Michael Thu Feb 14 00:17:27 2002|
A Tanu (the Witness) - 10
(Hungarian with subtitles, 1969) -- my wife has quoted this movie to me regularly since I met her, and amazingly, it came up on the list at the IU Hungarian Club's film series this year! The movie is hilarious, but the amazing thing about it is that it was openly critical of the Hungarian government and of socialism in *1969* -- yes, filmed and produced in Hungary. Apparently the government wanted to appear liberal or something, but after seeing it, they quietly discouraged its being shown beyond a few artsy-fartsy type places. But (natch) everybody in the country saw it anyway.
The basic story is of Pelikan Jozsef (Joe Pelican), a dike keeper on the Danube, a simple man raising eight children on his own in 1949 (i.e. immediately post-"liberation" -- the Soviets, of course, having liberated Hungary from the Fascists, who had liberated it from the Hapsburgs, who liberated it from the Turks, who -- presumably -- liberated it from itself). It was illegal to slaughter your own pig, because the Party could do it more efficiently than the outmoded feudal peasantry (this is an ironical tongue-in-cheek rendition of the way they really talked). Unfortunately, the meat shop was only open for roughly ten minutes a week. (This part wasn't fiction, by the way). In order not to let his children starve, Joe decides to slaughter Dezso, their pig. (The caption: "And so, Dezso died.") The next day, his old friend (who happens to be a minister in Budapest) drops by to do some fishing. In the meantime, he falls into the Danube, so Joe takes him back home to dry out his clothes. The police come in, investigating the reported illegal slaughter, and the minister starts berating them, saying what a people's hero Joe is -- why, in this very house, he hid us from the Fascists, in this very concealed cellar! Of course, when he opens the hidden cellar to show the policemen, there is a great deal of fresh meat in it.... So the minister says, "Do your duty, men" and Joe is taken to prison.
He's released soon thereafter, only to find that he's become the best friend of a certain *other* minister (Comrade Flower), and his own friend has disappeared. His replacement doesn't know where he is. Doesn't know when he'll be back. Doesn't know if he's still a minister -- but Joe can still leave that roast duck for him here, thanks.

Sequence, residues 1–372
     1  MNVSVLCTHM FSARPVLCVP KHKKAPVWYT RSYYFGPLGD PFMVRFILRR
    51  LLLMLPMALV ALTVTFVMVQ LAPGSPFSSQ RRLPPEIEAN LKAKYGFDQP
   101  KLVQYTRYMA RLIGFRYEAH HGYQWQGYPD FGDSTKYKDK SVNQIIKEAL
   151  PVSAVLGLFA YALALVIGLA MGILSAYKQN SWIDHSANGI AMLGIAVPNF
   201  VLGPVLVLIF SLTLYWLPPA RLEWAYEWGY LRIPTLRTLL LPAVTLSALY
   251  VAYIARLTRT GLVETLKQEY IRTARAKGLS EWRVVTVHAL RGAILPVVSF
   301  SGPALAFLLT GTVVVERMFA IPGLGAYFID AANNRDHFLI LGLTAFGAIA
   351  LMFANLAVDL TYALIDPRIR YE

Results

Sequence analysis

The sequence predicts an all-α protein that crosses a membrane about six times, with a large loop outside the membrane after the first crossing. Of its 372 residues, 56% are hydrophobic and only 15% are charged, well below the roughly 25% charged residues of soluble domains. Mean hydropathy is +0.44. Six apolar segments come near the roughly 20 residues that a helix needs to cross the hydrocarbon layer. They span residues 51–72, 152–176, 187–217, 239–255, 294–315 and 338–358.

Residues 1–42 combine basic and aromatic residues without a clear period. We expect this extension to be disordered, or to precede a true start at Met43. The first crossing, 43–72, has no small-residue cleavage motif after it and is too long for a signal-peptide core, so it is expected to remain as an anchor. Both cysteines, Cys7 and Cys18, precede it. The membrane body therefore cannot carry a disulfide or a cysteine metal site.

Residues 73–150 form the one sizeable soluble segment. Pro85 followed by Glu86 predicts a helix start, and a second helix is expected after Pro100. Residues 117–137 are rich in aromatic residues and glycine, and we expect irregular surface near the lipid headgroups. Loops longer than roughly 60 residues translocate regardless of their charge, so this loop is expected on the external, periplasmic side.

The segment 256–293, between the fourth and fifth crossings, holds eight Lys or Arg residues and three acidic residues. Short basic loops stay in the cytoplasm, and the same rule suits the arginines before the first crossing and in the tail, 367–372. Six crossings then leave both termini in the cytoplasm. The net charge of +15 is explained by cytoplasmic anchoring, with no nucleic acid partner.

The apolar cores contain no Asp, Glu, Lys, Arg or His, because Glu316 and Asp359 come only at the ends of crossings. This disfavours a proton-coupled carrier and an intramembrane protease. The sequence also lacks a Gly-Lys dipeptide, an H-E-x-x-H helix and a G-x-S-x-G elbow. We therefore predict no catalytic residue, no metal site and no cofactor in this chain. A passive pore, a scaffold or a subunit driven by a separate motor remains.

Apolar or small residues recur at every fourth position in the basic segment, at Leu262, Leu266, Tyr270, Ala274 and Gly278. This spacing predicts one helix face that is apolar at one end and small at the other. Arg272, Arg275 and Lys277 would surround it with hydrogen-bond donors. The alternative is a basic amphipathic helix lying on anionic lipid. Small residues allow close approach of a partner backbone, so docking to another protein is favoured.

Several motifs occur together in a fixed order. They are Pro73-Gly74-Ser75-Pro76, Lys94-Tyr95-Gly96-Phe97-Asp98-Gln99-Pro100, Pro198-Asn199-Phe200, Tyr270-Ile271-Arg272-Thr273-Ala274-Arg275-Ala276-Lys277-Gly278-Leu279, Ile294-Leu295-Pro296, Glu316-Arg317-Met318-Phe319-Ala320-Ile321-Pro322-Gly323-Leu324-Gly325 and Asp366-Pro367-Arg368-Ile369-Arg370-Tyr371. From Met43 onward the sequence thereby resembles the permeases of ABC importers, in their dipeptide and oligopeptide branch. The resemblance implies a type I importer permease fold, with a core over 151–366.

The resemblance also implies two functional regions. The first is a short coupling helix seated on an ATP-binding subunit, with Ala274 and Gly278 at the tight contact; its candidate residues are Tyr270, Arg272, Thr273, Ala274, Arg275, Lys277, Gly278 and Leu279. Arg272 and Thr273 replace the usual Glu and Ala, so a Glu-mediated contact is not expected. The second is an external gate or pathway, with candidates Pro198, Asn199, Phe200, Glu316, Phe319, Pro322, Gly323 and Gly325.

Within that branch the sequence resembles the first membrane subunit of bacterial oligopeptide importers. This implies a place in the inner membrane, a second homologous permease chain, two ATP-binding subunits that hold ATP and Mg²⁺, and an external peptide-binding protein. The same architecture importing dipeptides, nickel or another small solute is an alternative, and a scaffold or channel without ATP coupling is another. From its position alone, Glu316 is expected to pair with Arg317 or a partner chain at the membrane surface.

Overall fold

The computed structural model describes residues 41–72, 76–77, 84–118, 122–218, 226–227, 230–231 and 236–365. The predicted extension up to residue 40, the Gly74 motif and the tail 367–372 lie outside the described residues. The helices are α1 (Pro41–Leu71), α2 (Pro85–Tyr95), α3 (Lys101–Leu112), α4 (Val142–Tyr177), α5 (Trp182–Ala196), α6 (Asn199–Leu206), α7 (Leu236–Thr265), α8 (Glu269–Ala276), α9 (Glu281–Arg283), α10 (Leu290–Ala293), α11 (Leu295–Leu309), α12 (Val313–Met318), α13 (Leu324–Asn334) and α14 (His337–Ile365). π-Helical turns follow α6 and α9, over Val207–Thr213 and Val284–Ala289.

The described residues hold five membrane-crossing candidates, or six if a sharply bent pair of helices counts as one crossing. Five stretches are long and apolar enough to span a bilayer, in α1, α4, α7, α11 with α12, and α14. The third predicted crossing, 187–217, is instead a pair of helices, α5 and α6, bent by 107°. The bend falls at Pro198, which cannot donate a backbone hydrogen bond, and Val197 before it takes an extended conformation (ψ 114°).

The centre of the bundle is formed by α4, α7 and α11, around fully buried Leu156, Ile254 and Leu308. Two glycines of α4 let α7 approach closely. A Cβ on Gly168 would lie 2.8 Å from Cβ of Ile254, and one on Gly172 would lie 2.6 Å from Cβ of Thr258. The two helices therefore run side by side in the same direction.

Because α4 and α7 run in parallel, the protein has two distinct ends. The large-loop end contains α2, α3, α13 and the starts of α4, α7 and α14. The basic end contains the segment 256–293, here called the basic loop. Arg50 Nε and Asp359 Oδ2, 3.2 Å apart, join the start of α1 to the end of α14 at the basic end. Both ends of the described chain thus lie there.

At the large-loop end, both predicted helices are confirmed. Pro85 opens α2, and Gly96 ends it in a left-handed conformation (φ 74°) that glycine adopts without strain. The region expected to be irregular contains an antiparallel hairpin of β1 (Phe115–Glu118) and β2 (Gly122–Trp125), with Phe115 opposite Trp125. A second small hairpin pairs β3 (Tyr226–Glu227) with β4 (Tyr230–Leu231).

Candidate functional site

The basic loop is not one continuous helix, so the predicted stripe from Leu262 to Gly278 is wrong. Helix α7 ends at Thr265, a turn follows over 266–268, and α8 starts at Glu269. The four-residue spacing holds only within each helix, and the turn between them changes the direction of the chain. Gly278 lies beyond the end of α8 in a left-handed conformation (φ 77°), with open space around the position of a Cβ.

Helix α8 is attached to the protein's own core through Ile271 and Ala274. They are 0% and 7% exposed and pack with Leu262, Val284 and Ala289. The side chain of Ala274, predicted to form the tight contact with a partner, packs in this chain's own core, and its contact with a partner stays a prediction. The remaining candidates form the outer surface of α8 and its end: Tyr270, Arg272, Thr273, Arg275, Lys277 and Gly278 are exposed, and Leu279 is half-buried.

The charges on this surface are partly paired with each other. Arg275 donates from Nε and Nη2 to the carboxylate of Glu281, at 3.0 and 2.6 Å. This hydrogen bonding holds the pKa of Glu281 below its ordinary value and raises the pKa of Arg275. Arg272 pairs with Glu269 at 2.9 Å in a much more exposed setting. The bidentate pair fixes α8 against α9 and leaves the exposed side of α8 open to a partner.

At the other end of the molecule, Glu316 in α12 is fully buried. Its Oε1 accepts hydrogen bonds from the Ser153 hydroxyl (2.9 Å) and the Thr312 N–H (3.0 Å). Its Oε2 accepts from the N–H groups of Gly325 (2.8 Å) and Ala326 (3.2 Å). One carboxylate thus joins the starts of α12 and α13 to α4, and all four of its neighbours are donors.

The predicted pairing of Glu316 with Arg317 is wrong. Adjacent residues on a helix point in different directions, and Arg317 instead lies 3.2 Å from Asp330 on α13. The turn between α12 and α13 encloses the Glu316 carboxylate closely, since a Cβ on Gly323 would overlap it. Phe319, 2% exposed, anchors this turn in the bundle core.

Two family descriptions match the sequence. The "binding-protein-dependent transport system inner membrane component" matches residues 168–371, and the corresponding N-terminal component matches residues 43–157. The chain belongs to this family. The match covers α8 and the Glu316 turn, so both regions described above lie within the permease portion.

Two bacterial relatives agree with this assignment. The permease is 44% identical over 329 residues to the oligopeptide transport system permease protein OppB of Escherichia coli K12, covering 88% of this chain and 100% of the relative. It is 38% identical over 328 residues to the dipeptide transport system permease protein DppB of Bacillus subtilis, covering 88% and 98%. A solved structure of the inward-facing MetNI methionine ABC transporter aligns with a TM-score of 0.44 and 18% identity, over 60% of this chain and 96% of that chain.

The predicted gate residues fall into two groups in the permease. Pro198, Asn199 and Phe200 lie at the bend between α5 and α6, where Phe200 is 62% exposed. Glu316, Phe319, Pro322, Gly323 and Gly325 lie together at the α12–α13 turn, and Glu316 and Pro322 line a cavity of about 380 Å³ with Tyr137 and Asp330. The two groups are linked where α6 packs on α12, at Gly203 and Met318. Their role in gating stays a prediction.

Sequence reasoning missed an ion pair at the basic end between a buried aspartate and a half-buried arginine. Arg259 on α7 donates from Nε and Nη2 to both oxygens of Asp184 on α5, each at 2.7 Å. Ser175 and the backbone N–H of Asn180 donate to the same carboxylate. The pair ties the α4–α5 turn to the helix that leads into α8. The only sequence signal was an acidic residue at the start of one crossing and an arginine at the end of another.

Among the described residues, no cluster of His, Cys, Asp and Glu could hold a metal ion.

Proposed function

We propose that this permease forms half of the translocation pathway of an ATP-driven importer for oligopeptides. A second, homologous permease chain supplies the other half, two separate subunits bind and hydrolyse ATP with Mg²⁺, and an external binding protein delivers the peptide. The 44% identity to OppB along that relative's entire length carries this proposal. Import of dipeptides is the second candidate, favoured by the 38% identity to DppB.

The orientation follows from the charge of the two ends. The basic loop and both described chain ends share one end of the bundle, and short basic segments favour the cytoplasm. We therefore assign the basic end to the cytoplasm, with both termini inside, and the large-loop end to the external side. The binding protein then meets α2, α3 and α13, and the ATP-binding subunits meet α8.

Comrade Flower tries to get Joe into various positions of influence. Joe fails miserably at each, because he applies common sense to each situation, which, of course, makes no sense in the context of Hungarian socialism. Each time he is sent back to prison, having embarrassed the Fearless Leader in some way.
The third position is the funniest: he's the director of the Hungarian Institute for Citrus Research, in which they attempt to raise oranges in Hungary (check an atlas; this is impossible). After long efforts, they manage to raise precisely one orange, and a huge festival is held. Just before Joe is to present the orange to the Fearless Leader, his son eats it. Joe runs in panic to Comrade Flower, who gives him a lemon. Joe says, "but this is a lemon!" Comrade Flower says: "It's an orange." Joe: "An orange?" Flower: "Yes, I pronounce it to be an orange." So Joe presents the lemon/orange to the Fearless Leader, who bites into it and puckers up, and cries, "What is this?" Joe: "It's an orange." Flower nods sagely. Joe says, "It's the new Hungarian orange: a little yellower, and a little sour -- but it's ours."
He *doesn't* get thrown into prison, but when he goes home, the Danube has overflowed because no-one was watching the dike in his absence. The village blames him, of course.
Finally, Comrade Flower asks him to testify against his original minister friend in a show trial. This experience is hilarious through and through as they attempt to coach him through his testimony (written by a great author), and of course when he's asked to corroborate his testimony (which includes his friend diving into the Danube during his fishing visit to confer with enemy frogmen about the assassination of the Fearless Leader) he can't -- he breaks into laughter (Judge: "What did the frogmen look like?" Joe: "... like frogs.") and is sentenced to death, after saying, "Who will turn out to be a Fascist next? Comrade Flower? Our Fearless Leader?" The Fearless Leader, listening in the next room, gasps and cries, "ME?!?" and says naturally they'll have to look into this immediately.
On the morning of his execution, however, no executioner shows up. Turns out he was exonerated but they forgot to tell him. So he goes home and watches the dike for the rest of his life, a happy man.
It is utterly flabbergasting that this film was ever made. Hungary is a very interesting country -- they're the trigger that brought down the Berlin Wall in 1989, of course, since they unilaterally decided they weren't going to prevent vacationing East Germans from crossing their border into Austria. The ensuing wave of Trabants puttering into West Germany roughly twelve hours after that announcement is something I will never, ever forget.
So I guess the fact that they were laughing at socialism all along isn't too surprising. But it still surprised me. We should be so lucky as to have such effective lampooning of the fallacies and foibles of our own government.